This post originally appeared at Mother Jones.
In a yearlong series of short films for Undark, the digital publication of the Knight Science Journalism Fellowship Program at MIT, Peabody Award-winning filmmaker Ian Cheney, whose works include documentaries like King Corn, The Search for General Tso and The City Dark, turned his lens on climate change. In just over 12 minutes, he explores the scale of the challenge facing humanity: scientific and technical, the emotional, psychological and political. Cheney doesn’t pretend to offer answers or specific solutions; he only seeks to shine a light into the fog, to look for shapes and patterns and ultimately to explore the many reasons why the problem of climate change is so difficult for humanity to even fathom, much less come together to solve.
Take a look at the film here:
Above is a 12-minute compilation of Cheney’s six short films in his series for Undark, Measure of a Fog. We also encourage visitors to explore each of the six installments, which are individually titled Distance, Carbon, Energy, Geoengineering, Politics and Ethics.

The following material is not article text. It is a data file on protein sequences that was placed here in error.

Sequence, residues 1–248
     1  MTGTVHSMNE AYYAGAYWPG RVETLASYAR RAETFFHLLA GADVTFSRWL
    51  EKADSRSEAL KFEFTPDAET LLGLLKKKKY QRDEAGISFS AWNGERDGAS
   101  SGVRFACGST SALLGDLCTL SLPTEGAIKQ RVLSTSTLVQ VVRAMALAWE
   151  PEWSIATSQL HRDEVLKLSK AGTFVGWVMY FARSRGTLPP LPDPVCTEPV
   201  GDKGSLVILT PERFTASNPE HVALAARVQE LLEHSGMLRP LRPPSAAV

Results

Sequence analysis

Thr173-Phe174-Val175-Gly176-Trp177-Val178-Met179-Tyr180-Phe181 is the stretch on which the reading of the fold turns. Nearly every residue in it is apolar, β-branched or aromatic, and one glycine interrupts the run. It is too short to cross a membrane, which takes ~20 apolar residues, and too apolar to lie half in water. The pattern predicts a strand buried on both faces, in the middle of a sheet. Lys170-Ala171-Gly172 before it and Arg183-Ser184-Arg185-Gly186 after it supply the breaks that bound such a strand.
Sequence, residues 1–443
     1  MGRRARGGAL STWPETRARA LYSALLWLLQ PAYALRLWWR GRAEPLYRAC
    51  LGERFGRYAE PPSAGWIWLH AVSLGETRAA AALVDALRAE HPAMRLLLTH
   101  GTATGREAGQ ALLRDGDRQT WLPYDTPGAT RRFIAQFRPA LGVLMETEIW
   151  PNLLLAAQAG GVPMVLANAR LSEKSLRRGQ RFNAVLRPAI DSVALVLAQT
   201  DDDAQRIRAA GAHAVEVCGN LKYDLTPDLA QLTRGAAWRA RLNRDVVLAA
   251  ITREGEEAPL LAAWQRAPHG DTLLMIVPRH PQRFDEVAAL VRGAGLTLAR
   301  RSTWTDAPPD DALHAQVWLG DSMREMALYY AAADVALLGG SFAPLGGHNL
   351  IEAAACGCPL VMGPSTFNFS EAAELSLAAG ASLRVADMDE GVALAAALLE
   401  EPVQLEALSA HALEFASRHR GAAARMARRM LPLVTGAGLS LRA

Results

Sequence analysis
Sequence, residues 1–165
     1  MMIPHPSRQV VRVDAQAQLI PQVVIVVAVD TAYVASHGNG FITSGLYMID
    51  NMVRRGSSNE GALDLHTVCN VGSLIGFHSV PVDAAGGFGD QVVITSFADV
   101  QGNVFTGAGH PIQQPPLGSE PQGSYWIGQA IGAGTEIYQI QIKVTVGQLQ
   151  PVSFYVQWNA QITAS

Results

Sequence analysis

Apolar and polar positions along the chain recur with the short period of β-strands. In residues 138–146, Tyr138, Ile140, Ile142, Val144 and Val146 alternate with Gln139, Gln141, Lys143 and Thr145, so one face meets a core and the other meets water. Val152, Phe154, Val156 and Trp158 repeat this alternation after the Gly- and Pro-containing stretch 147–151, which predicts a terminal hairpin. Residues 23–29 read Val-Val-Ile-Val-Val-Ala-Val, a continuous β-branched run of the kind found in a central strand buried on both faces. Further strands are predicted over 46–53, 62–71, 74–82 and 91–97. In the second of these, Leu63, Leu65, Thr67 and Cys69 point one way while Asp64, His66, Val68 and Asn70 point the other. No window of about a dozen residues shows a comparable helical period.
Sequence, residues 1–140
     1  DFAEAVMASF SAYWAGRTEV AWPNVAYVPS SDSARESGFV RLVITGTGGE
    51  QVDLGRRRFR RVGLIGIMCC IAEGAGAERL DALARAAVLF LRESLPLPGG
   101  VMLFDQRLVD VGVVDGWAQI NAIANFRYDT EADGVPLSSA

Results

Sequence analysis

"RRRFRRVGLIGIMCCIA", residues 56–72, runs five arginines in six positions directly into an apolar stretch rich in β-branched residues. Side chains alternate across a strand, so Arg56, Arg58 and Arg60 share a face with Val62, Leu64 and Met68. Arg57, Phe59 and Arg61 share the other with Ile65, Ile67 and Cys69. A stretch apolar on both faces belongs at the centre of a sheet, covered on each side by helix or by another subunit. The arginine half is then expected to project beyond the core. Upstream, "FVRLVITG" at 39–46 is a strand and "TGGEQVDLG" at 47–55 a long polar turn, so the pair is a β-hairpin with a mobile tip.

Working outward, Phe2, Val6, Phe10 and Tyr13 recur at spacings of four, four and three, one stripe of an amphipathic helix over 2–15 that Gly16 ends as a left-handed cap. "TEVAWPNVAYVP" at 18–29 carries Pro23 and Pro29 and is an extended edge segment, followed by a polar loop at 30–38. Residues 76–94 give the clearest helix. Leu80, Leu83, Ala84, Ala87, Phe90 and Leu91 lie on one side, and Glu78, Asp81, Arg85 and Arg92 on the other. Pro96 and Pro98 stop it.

“The very concept of ‘climate’ challenges the human mind,” Cheney noted at the outset of the series. “Its epochal timescales are difficult to fathom, its inner mechanics, rhythms and contours — they’re sometimes hard to discern, and even scientists are still trying to understand it all.
“Meanwhile,” he continued, “the changes we’re making to this immense, complex machinery — changes arising from a colorless, odorless gas tied to positive-sounding things like progress and growth and prosperity — it can all seem placeless and everywhere at the same time, both invisible and plain as day.”
Exploring and admitting to those tensions and ambiguities, Cheney suggests, is an important part of any conversation on where we go from here — perhaps the most important part. We hope you will find them useful as you continue your own discussions on this most crucial topic.